As a lifelong fan and a father who believes that it's never too early to brainwash your children into loving baseball, I've been preparing my two young daughters for months. We practice all the cheers. We do the wave around the dinner table. We recite batting statistics over pretend tea parties. We go through our Spring Training routine. Ask my girls to name their favorite player and they'll both yell "JOEY VOTTO!" Ask them who their second favorite player is and they'll yell "DADDY!" To be fair, I did finish 4th in my softball team's MVP voting—though that had less to do with on-the-field performance and more to do with paying my league fees on time.
I've made such a big deal about it that the girls can't sleep. They lie awake at night chatting, chanting: Opening Day! Opening day! We can hear it through the monitor.
"Do you think we'll get pretzels?" one asks.
"Do you think we'll get ice cream?" the other asks.
"Do you think those kids will ever fall asleep?" my wife asks. I'd respond, but I'm too busy reading the latest Reds insider update from John Fay on my smart phone—in bed. I like to keep myself informed so I can be the first one to second-guess Dusty Baker's line-up. Of course, my closest friend beats me to the punch and drops me a text.
I have missed baseball so badly.
The big day finally arrives. Doesn't matter if outside it's cold or overcast or still dark out because excitement overtakes you and you wake up at 5 a.m. (a solid two hours before your alarm is set to blast "Centerfield" by John Fogerty); what matters is that inside it's warm and sunny and rounding-third-and-heading-for-home weather. It's like this in every Cincinnati home. Except maybe Mike Brown's.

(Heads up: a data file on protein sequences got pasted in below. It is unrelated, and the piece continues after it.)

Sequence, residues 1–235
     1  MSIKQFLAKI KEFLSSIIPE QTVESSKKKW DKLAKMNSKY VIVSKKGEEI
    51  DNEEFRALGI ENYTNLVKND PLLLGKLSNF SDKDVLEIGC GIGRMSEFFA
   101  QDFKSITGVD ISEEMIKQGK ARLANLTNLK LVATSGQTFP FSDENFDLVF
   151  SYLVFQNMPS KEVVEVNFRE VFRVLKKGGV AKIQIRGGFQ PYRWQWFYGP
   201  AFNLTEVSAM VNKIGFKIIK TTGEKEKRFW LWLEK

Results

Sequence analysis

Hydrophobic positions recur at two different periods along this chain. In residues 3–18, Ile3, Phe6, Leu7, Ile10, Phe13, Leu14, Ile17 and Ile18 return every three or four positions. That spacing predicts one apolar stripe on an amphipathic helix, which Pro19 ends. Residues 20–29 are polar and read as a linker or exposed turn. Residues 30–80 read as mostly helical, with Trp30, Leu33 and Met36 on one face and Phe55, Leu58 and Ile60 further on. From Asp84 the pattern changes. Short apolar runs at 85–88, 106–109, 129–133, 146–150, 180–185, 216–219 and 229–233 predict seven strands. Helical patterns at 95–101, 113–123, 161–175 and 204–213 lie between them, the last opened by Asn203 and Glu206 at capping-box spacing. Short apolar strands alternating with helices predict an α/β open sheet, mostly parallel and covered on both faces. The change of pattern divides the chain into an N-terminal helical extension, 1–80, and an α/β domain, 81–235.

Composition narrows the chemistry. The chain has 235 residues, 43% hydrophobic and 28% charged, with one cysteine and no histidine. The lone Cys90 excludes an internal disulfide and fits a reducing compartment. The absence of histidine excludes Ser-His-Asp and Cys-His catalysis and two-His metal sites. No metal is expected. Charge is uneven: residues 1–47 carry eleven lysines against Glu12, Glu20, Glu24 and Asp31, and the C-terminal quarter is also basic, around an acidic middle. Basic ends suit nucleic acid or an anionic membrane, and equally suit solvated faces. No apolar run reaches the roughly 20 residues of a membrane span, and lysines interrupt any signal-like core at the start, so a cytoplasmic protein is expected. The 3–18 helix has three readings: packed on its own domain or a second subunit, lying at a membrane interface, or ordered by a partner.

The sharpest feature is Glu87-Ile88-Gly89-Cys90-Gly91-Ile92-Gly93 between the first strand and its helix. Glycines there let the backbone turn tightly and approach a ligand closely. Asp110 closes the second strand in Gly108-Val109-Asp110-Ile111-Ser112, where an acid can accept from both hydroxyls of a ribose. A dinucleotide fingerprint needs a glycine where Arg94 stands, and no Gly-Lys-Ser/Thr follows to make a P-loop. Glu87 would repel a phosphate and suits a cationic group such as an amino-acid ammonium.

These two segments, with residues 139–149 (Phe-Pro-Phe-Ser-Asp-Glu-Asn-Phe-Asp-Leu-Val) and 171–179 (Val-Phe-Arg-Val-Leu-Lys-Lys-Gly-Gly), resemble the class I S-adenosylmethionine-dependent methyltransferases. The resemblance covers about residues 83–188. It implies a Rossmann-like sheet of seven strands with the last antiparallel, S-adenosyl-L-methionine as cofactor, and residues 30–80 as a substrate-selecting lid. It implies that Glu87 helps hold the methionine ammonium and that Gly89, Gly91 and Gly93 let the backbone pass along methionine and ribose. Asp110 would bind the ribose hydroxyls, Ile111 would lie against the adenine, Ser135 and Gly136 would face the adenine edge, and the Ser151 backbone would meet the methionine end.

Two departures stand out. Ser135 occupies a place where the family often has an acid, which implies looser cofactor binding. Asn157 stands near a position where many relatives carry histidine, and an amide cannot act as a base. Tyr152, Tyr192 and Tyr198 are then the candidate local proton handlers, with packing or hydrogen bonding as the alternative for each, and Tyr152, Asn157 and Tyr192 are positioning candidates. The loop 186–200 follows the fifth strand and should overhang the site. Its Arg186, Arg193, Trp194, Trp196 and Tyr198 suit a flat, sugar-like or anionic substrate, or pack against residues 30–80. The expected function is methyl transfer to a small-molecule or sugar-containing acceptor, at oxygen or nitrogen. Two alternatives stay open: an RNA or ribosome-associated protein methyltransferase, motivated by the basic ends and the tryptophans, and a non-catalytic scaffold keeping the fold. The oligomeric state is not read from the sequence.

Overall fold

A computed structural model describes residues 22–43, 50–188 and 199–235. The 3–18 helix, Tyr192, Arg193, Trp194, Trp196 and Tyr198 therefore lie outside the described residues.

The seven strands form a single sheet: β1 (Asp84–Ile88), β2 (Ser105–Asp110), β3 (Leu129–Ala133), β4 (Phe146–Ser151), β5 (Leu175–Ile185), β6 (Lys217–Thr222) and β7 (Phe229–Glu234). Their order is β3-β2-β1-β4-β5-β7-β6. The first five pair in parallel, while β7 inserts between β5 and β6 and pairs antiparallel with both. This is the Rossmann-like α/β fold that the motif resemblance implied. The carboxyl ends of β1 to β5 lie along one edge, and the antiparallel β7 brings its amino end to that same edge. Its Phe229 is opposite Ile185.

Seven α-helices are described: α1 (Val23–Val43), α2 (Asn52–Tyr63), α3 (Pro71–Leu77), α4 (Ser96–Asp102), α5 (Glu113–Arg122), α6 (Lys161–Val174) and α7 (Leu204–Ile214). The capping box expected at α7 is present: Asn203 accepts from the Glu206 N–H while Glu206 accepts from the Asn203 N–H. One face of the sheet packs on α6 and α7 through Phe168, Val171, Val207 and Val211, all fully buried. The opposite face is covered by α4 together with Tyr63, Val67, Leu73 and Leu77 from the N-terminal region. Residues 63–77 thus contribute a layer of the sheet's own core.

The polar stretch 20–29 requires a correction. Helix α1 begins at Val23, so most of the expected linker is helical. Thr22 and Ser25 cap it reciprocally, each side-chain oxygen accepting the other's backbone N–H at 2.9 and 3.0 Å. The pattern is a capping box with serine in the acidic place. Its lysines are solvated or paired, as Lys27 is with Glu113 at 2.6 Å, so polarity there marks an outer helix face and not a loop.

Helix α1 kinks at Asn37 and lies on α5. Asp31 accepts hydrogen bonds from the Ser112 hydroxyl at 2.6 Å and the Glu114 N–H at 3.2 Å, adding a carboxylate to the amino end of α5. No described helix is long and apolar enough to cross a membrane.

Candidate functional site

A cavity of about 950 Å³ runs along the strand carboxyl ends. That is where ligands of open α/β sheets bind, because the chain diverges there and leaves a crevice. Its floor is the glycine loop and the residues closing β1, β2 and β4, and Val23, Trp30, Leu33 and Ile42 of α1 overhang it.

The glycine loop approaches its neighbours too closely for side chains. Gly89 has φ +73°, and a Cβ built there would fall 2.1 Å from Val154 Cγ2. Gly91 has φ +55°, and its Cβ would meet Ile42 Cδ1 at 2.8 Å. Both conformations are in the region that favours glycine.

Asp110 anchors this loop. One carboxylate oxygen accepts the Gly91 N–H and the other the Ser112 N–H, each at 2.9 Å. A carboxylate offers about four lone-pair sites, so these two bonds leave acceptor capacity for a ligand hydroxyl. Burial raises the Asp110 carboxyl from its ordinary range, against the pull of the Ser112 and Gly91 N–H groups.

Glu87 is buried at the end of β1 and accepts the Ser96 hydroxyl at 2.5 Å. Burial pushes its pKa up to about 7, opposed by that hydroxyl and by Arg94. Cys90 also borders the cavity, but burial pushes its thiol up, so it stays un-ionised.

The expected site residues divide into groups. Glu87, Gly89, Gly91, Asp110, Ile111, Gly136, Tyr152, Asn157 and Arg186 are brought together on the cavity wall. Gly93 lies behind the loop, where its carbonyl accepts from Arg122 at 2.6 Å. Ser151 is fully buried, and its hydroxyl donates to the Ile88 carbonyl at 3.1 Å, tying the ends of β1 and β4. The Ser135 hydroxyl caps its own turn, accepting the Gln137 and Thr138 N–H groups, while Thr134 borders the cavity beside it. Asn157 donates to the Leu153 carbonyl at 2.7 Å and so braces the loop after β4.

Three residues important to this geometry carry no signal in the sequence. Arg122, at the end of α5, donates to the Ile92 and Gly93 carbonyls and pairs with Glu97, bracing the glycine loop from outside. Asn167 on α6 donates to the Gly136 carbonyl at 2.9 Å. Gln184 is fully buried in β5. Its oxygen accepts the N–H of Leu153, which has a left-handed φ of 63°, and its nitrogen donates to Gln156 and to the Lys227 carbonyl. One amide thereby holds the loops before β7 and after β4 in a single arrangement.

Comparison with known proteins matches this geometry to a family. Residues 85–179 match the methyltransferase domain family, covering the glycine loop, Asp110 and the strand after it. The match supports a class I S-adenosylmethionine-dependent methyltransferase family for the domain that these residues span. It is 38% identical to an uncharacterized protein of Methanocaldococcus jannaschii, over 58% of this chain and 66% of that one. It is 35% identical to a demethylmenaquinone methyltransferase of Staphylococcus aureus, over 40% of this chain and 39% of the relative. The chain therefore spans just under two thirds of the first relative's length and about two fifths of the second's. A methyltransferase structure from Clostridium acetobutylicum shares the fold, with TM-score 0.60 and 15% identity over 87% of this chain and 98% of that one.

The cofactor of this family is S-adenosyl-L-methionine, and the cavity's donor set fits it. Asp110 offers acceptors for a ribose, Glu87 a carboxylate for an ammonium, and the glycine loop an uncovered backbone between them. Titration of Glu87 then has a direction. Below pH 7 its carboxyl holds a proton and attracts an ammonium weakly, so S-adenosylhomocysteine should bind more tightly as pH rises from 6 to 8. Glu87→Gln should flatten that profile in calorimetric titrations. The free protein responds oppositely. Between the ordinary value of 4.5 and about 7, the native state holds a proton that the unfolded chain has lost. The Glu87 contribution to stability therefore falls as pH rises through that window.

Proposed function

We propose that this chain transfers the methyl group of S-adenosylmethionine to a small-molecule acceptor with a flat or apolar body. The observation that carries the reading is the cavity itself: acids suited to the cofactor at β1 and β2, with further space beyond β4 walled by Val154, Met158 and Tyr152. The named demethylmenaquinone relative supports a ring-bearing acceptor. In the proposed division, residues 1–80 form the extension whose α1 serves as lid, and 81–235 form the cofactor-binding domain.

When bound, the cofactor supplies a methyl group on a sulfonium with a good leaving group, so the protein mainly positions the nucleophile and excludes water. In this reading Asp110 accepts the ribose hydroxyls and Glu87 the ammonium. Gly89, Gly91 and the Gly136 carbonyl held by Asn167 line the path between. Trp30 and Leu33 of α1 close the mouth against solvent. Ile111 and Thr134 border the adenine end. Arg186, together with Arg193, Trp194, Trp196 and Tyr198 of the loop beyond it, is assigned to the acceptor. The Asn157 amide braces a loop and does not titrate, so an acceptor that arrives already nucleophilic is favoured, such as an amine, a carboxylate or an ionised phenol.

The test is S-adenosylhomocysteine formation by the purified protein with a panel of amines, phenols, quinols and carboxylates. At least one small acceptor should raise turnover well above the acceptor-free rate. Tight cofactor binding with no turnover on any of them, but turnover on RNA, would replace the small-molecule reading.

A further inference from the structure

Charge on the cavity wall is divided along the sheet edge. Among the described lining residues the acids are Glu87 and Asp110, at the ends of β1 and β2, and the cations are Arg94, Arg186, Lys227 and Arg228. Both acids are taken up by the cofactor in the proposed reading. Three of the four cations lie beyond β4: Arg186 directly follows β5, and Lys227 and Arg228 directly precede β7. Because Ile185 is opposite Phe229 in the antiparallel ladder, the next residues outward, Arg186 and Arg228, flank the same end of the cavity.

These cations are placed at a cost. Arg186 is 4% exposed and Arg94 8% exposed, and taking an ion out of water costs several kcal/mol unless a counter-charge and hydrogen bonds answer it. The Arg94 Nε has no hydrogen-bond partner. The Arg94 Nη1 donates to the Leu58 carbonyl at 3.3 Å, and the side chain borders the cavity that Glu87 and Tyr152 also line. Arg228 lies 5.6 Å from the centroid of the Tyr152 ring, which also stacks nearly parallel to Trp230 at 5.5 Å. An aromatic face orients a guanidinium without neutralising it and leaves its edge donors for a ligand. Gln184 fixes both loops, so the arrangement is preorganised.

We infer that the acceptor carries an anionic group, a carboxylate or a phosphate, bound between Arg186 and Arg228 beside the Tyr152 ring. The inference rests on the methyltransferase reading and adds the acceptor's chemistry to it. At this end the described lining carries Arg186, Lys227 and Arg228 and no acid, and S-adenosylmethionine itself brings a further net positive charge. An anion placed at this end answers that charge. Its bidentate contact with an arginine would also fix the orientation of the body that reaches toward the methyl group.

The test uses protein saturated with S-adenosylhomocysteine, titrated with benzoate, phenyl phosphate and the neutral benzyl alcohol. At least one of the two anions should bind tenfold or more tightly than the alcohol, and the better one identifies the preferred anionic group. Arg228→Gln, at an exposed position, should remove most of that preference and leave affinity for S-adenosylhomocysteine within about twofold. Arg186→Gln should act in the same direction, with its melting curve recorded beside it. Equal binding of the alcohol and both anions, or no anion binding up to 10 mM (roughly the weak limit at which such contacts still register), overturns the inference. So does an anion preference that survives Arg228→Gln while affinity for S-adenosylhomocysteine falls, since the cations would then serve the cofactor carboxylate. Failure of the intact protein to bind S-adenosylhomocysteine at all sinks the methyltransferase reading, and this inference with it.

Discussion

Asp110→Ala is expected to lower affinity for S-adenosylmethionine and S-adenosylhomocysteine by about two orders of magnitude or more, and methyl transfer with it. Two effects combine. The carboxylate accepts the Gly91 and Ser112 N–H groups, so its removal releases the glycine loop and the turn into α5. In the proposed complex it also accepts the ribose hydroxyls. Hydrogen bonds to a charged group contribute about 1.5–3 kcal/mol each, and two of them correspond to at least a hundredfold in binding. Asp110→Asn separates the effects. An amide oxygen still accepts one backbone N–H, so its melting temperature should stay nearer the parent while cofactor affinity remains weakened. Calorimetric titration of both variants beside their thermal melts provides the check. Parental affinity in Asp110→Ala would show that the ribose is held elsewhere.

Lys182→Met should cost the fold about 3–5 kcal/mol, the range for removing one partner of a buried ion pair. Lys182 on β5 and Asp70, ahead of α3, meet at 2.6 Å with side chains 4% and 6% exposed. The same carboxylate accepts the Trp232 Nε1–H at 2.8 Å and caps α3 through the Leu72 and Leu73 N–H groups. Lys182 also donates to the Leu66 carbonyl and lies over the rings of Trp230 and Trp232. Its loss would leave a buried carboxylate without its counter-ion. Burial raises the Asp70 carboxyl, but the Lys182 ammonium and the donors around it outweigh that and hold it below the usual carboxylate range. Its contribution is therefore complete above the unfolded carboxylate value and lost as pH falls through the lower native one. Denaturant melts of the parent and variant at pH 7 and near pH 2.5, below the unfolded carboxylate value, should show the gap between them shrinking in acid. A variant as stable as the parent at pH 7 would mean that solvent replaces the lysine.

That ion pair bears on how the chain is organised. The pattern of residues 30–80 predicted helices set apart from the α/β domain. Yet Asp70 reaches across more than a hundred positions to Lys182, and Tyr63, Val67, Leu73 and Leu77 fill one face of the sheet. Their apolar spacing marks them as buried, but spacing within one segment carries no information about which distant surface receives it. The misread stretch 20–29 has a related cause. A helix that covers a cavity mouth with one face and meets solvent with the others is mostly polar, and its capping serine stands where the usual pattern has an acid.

The kids wake up and put on their baseball garb.
Red wristbands? Check!
Reds hats? Check!
"Not on your life," says your wife.
With an extra skip in their step, the kids come downstairs and devour a bowl of red-only Fruit Loops (that hour spent sorting out colors the night before was totally worth it). They drink cups of red milk, thanks to a little food coloring. They eat better and faster than usual. The glow from their smiles carries all the way to the car. And, just like that, our family is ready to go.
An entire winter has come and gone and we are Play-Doh'ed out. That's why the car ride to Great American Ballpark takes an eternity. We sing "Take Me Out to the Ballgame" over and over until the parking attendant takes our money. Within minutes, we're in the stadium listening to the "Star-Spangled Banner" and introduction of the ballplayers. My wife and I recall how the announcer used to roll his Rs when he'd say, "Jose Rijo." Finally the first pitch is thrown and my kids high-five everyone me, my wife, and everyone else whom they can reach with their tiny little arms. It's finally arrived.
Why do we get so excited about Opening Day in Cincinnati? It reminds us of tradition. It reminds us of when we were kids. It gives us a wealth of memories that we can share with each other and others around the city (say Jose Rijo's name and half the people in the room will roll the R in his name). But, most important, we love Opening Day because it gives us hope. Hope that this year will be better than the last—not just in sports, but in life. Hope that we'll get a chance to see something magical—on the field, off the field, on the Jumbotron. And hope that for just one day we can put everything else behind us and just enjoy life. We need it.
Welcome back, baseball. My family and I (and the entire city) have missed you.
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